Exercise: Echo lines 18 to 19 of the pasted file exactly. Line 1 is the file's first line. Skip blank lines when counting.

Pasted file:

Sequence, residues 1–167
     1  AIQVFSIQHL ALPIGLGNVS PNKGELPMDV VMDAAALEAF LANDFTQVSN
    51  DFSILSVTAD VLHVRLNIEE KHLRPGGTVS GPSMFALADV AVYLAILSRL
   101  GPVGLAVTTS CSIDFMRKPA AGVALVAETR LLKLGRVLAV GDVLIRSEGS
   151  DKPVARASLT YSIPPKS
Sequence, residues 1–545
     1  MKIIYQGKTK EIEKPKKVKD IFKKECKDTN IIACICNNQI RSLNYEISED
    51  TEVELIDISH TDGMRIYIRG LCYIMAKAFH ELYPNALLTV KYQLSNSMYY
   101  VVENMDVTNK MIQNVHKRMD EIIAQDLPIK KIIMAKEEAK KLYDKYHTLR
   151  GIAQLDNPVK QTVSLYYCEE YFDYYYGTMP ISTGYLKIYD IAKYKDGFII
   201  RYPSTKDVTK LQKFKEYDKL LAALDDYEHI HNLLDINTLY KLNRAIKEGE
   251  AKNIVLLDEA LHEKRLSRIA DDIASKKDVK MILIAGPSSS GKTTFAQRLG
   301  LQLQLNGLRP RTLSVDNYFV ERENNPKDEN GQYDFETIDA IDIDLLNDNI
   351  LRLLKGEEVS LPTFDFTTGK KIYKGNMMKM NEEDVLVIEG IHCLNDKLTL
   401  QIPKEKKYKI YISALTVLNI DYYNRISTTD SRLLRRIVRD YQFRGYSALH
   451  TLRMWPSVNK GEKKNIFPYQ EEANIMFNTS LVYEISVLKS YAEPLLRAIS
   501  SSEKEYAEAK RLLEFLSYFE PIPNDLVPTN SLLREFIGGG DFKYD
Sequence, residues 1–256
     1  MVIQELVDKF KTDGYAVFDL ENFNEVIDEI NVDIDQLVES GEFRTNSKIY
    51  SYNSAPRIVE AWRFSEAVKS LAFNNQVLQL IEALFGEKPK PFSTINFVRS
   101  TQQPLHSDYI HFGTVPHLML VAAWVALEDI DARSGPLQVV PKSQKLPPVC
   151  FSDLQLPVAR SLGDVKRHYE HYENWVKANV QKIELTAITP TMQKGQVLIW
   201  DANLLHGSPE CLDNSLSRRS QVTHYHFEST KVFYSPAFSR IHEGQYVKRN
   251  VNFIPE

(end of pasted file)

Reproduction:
Sequence, residues 1–256
     1  MVIQELVDKF KTDGYAVFDL ENFNEVIDEI NVDIDQLVES GEFRTNSKIY